It’s why he opted to stay with the team rather than test his talents in another location. Bynum’s presence on the roster has been a boost for the Pistons. Previous Pistons coaches have liked him for supplying them with quality minutes off the bench. Last season, he averaged 18.7 minutes, 9.8 points, 1.5 rebounds and 3.6 assists game while shooting 46.9 percent from the floor, 31.6 percent in 3-pointers and 80.9 percent in free throws.
It’s close to his career marks of 8.1 points, 1.5 rebounds and 3.2 assists a game.
Bynum likes what the Pistons did in the offseason, namely bringing in Chauncey Billups, Brandon Jennings and Josh Smith, and hiring Maurice Cheeks. With plenty of talk about the Big Three underneath of Andre Drummond, Greg Monroe and Smith, the guard play will be as critical as ever for the Pistons to have a complete and consistent attack on the court for 82 regular-season games.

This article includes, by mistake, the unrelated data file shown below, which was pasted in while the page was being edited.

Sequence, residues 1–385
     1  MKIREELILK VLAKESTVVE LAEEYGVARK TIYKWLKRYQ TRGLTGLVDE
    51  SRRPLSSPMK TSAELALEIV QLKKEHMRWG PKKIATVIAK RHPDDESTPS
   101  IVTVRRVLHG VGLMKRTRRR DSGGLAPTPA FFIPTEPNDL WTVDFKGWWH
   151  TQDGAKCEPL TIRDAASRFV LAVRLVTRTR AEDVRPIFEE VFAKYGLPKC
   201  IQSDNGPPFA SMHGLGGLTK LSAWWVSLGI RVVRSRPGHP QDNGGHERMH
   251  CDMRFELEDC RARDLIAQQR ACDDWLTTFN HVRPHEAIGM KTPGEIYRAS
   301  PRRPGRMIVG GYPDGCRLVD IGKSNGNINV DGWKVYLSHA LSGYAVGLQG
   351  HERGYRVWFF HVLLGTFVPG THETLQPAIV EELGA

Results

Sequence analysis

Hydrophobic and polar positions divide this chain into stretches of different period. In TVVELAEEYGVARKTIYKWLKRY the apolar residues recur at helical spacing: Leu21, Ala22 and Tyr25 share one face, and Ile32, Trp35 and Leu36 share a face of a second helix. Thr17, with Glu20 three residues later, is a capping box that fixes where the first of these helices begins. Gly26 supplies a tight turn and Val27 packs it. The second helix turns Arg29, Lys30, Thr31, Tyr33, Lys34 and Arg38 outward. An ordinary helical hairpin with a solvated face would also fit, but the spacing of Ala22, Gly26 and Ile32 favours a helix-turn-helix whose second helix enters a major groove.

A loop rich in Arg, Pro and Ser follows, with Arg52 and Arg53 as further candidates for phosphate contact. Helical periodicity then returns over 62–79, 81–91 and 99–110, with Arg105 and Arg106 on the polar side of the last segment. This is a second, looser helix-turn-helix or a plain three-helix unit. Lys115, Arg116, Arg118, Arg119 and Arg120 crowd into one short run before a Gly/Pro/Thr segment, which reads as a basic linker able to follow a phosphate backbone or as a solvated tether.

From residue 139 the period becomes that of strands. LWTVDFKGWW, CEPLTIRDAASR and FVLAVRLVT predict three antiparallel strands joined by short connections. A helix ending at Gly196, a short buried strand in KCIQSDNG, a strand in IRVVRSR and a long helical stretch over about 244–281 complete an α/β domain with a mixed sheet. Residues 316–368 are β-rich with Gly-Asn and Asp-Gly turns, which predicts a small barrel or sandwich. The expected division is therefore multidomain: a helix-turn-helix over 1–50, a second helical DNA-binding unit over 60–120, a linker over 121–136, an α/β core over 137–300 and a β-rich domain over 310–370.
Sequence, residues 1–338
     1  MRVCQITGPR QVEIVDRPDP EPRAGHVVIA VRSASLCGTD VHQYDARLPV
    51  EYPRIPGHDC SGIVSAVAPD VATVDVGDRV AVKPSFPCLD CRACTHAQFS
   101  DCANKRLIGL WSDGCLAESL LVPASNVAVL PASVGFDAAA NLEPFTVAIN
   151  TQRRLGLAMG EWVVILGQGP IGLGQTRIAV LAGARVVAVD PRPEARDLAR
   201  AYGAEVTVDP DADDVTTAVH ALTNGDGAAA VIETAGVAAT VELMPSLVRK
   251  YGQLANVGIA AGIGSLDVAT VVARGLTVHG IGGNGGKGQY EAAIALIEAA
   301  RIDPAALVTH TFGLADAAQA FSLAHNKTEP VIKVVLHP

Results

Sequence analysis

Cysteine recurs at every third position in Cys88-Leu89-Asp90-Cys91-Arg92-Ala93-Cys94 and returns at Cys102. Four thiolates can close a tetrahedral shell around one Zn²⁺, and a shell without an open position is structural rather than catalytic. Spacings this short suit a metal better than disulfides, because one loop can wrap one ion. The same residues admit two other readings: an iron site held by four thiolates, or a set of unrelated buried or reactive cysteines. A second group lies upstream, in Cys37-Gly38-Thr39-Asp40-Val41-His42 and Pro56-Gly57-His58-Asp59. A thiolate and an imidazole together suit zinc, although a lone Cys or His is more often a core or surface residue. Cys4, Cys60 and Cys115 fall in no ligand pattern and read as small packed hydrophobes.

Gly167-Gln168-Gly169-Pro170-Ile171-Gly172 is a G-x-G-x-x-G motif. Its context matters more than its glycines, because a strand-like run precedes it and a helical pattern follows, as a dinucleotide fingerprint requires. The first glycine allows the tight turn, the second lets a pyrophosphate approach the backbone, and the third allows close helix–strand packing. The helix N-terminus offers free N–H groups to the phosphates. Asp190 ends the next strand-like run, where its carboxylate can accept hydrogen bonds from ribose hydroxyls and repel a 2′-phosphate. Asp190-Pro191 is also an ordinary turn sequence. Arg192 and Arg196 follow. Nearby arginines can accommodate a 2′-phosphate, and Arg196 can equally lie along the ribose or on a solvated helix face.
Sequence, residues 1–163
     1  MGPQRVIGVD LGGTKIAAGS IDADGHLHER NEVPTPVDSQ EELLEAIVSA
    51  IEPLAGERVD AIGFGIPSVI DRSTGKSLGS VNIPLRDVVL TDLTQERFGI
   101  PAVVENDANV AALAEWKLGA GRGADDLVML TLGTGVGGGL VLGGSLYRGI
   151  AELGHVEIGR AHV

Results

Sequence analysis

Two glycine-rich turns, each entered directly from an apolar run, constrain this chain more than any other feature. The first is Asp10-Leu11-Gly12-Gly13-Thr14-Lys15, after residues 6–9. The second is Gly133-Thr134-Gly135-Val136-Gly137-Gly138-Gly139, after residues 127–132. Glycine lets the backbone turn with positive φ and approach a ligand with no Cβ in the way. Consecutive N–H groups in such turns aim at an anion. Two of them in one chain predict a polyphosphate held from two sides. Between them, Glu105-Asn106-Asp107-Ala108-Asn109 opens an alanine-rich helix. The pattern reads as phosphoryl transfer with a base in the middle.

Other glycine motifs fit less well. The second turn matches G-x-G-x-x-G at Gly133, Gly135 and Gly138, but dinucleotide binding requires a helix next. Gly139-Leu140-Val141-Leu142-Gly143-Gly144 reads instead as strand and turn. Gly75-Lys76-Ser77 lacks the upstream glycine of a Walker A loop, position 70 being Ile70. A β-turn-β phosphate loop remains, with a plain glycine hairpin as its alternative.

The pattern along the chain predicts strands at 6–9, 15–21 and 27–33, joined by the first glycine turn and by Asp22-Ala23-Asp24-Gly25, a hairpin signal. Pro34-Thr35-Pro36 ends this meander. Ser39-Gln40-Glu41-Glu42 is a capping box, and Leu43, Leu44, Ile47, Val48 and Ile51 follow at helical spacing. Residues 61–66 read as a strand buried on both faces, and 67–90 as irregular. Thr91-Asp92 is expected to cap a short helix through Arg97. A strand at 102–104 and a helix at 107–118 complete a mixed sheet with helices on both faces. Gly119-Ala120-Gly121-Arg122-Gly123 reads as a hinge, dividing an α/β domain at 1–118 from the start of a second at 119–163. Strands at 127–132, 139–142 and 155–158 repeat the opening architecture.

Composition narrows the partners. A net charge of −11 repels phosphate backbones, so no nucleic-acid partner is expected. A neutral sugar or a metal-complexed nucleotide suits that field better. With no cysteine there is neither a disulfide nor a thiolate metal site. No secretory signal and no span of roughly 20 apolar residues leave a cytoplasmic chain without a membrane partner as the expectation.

Bynum can start on occasion if necessary, but the production he brings off the bench is usually extremely valuable for the team regardless of the stage of the game. He’s as productive in the final minutes of the entire game as he is in the earlier stages of the contest.
Cheeks and Bynum should get along very well. Cheeks, like previous Pistons’ coaches, will like Bynum’s blue-collar approach to the game. Very little attention was paid to the Pistons when they re-signed Bynum, but it was a move they won’t be sorry they made.
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